Sites of Special Scientific Interest (SSSI): Protecting England's natural treasures Sites of Special Scientific Interest (NE306)

What are SSSIs?

England's first Sites of Special Scientific Interest were established by Act of Parliament in 1949, with a purpose to protect the best of England’s natural habitats, wildlife and geological heritage for the benefit of present and future generations. In the 60 years since its creation, the network of SSSIs has been periodically extended and legislation governing its protection has been strengthened, most significantly by the Wildlife and Countryside Act of 1981 and the Countryside and Rights of Way Act of 2000. As a result, SSSIs are subject to stricter controls to protect wildlife, habitats and geological formations than most other types of designated area. Almost 30 per cent of the area of SSSIs is in the care of private landowners, most typically being part of a working farm. The remaining area is owned by conservation organisations, local authorities, government agencies and public utilities.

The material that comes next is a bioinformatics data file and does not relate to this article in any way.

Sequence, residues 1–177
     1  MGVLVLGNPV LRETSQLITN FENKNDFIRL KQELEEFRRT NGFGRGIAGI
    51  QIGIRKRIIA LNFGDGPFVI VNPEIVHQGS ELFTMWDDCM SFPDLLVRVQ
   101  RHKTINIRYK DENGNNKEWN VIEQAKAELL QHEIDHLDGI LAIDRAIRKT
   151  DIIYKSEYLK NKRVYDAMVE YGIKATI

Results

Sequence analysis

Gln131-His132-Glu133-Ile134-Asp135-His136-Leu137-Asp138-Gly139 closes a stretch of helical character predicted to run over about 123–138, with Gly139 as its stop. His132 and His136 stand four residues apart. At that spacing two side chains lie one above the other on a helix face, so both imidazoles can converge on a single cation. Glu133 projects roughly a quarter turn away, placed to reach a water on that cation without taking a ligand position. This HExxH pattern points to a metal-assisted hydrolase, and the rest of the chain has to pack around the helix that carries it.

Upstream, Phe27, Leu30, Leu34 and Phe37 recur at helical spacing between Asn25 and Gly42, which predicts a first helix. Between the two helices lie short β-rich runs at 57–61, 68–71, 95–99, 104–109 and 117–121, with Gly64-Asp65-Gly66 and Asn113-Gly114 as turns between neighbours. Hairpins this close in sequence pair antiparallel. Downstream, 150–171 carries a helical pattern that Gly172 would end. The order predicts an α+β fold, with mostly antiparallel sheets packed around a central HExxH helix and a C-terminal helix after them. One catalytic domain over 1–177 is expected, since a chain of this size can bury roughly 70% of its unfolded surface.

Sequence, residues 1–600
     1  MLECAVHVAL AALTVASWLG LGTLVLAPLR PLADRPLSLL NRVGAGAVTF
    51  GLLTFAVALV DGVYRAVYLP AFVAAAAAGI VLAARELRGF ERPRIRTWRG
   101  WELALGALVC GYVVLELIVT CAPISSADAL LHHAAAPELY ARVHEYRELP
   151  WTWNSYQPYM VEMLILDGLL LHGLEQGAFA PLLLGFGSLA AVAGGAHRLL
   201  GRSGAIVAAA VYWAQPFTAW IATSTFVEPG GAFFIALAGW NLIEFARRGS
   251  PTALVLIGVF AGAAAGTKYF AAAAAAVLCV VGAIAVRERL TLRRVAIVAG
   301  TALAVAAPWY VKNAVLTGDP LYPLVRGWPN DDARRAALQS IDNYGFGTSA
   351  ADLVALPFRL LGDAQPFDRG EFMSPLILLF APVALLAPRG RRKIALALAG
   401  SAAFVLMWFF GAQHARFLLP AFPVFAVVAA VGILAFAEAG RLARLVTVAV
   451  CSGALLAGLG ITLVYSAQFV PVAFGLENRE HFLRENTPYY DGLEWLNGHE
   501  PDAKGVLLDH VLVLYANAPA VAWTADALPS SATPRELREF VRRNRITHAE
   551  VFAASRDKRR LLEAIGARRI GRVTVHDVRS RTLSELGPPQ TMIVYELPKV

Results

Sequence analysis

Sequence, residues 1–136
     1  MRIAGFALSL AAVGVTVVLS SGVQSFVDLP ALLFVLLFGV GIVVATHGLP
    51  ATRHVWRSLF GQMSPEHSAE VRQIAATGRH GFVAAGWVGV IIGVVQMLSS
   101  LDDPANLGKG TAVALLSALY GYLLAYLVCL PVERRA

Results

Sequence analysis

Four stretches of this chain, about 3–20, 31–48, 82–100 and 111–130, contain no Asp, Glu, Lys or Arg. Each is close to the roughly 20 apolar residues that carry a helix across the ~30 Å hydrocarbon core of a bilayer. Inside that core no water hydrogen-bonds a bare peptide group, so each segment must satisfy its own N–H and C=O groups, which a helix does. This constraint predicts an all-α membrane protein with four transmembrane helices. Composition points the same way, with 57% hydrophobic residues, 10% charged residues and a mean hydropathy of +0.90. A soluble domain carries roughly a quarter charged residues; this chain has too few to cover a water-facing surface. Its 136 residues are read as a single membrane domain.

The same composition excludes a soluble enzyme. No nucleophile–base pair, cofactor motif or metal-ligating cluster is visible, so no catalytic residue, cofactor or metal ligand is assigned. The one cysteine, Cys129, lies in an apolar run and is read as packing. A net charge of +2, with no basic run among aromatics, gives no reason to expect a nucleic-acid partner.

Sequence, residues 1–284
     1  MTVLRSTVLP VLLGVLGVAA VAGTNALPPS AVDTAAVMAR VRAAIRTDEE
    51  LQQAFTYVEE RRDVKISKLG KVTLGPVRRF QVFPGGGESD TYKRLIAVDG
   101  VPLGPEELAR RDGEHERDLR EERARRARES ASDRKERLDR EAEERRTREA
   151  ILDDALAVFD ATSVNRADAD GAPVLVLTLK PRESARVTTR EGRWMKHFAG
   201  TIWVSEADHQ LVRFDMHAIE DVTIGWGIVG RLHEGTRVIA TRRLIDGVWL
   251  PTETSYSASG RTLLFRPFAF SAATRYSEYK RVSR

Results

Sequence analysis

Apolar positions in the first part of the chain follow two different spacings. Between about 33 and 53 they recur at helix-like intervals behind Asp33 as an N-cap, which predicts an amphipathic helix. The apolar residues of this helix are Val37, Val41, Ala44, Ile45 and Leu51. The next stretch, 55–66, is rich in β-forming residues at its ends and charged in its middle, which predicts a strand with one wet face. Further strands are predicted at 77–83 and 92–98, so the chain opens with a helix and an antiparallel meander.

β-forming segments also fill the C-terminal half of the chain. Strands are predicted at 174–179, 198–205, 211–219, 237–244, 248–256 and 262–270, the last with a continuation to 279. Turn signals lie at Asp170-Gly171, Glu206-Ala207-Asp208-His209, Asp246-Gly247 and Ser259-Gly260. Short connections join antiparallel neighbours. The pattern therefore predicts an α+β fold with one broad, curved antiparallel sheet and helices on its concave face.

Today, a total of 4,119 individual SSSIs cover more than a million hectares (8.1%) of the land surface of England. They represent the entire range of habitat and geology types found in the country and vary as much in size as they do in character. The smallest, Sylvan House Barn in Gloucestershire, is a space of just 4.5 square metres and home to 200 lesser horseshoe bats. Amongst the largest, and possibly the busiest, is the Humber Estuary at 37,000 hectares. It drains a fifth of the country’s freshwater, has one of the largest grey seal breeding colonies in the UK and is home to almost 50,000 golden plovers. It is also the site of the UK’s largest port complex at Grimsby and Immingham.

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